Vogel built on that experience while at USAID, where she worked on a project to help Pakistan with hardware and software development for their census.

“With USAID, the money has to be spent on U.S. products, and so I was able to see the companies, the quality of their proposals and help show the people there how to look for those things and what to do next. So it was helping them actually implement the technology in their country and a little bit of education,” she said.

Too many IT regulations, laws

All of her experiences left an indelible imprint on her about how difficult federal acquisition and technology can be.

“The federal IT sector is governed by over 100 laws, rules and regulations, and it is weighed down by that. I would simplify the compliance and the auditing so that we could focus being more effective with IT and cyber. That said, it’s not one office that can do this. We need to make sure that others are engaged. So I would simplify the oversight and all of the legislation that we’re constantly reporting on,” she said. “I think that the evolving nature of cyber makes it a little more difficult because it’s not quite as mature yet. I’m not sure it’ll ever get there because we have a lot of bad actors and all they want to do is disrupt some things that are important.”

Vogel also said agency CIOs need more authority and direct funding for cybersecurity.

“It really does make a difference if you have multi-year funding in your ability to plan and execute strategic operational activities. That would be a big improvement,” she said.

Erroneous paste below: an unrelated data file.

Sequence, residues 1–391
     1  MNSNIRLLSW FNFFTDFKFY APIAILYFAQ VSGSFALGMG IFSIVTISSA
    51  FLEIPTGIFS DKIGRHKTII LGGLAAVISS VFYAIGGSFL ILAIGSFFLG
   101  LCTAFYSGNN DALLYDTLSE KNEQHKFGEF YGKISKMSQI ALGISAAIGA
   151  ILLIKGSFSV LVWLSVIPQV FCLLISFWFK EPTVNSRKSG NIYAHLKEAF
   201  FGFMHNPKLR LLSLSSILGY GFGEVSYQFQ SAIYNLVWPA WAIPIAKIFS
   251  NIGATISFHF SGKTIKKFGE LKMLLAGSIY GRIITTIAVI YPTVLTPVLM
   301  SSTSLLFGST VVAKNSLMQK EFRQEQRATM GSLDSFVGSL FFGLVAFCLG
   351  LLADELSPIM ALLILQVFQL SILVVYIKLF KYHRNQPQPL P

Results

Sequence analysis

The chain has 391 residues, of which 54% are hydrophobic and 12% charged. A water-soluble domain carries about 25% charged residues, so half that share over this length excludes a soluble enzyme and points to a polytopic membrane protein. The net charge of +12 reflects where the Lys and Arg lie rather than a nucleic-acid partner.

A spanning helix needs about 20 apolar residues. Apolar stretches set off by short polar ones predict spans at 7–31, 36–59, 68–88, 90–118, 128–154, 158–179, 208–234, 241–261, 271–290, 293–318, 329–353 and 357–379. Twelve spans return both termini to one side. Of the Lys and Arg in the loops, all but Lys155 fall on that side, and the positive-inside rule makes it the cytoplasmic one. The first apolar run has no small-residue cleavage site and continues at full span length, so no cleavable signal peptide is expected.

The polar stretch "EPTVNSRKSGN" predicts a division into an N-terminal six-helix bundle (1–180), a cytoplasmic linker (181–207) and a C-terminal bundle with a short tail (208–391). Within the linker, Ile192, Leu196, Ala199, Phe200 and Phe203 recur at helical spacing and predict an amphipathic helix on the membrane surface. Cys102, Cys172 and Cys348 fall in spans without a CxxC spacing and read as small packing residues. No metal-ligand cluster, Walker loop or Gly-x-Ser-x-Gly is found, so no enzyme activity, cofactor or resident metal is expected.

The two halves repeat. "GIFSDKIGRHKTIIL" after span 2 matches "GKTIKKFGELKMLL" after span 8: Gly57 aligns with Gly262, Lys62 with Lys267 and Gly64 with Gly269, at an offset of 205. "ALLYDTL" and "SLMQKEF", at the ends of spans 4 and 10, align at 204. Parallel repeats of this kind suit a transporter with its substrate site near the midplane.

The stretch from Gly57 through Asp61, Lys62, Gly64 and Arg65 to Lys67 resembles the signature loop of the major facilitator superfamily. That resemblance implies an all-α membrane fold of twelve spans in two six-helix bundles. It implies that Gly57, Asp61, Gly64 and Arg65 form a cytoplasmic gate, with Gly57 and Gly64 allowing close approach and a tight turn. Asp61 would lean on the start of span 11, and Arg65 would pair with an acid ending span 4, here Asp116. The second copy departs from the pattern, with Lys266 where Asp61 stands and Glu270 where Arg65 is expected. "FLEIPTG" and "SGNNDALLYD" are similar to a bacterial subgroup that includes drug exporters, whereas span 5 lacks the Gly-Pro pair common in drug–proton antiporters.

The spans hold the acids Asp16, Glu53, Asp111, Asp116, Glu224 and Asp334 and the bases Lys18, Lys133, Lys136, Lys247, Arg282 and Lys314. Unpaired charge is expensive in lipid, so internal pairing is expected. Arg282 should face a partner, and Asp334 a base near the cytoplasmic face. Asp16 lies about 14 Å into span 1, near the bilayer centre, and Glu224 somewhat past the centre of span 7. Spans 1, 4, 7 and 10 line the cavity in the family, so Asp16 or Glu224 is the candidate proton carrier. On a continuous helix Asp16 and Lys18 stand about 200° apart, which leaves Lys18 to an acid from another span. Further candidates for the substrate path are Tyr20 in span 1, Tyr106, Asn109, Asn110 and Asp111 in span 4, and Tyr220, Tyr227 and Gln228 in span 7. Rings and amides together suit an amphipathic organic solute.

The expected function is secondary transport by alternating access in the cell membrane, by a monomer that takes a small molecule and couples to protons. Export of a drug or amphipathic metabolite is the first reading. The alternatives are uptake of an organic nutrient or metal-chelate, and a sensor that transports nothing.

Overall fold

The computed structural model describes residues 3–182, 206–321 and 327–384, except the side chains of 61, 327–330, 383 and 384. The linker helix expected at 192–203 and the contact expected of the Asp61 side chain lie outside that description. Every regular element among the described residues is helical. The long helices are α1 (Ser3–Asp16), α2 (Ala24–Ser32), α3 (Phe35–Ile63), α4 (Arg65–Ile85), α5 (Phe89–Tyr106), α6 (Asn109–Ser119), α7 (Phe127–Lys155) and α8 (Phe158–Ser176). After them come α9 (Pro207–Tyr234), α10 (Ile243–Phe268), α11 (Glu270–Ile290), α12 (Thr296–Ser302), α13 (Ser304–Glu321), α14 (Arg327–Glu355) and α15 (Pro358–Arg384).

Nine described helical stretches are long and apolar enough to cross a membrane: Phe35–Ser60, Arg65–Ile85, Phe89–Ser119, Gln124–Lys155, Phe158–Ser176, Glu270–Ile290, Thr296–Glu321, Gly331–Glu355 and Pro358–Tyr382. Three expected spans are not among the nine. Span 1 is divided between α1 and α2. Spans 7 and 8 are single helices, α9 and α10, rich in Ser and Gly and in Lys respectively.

During her time at HHS, Vogel said she was proud of the work the team did to reimagine the Health Sector Cybersecurity Coordination Center (HC3).

“The HC3 takes cyber information that we know about threats or vulnerabilities and puts it into a language that is understandable to the medical community,” she said. “We send out those bulletins to the cyber contacts in the health care industry, we have thousands of them, telling them about a threat, what it means to you, here’s how you could identify this if you have the problem and here’s what you do. Our outreach to the health care sector has been enormous, and, I think, it’s been very beneficial. We’re able to put things in more medical and operational terms than just techie talk.”

HHS CIO council matchmaking

Now HHS receives more requests for cyber information to the HC3 than ever before and it’s reaching more cyber and non-cyber experts because the information is more easily accessible and understood.

Another area where HHS has changed is the internal coordination among bureau CIOs. Vogel said she reinvigorated HHS CIO council meetings to create connections across the bureaus to improve sharing, specifically of cyber data.

“One of the things in our council meetings that I did was how I sponsored what I called speed matching. The instructions were each of you bring three things that you do really well, and three things you want to improve on. And through our meeting, we paired folks up and had sessions where each of them in that pair would talk about the things that they did well and share information,” she said. “As a result, we were able to improve the sharing of everything from training on privacy or security to products so we don’t have to reinvent the wheel.”

Vogel said she has no plans for what comes next after some much-deserved rest and relaxation. She said she may do some volunteering.

“It definitely is hard to step away from because I have real, deeply-rooted sense of patriotism and dedication. And so stepping away to make a change was a really hard decision,” she said. “I did think about it over the last couple years, and this time just seemed opportune for me to try something new. I like to learn something new every day, and this gives me the opportunity to do a lot of that. So [a] difficult decision, but it’s just the right time.”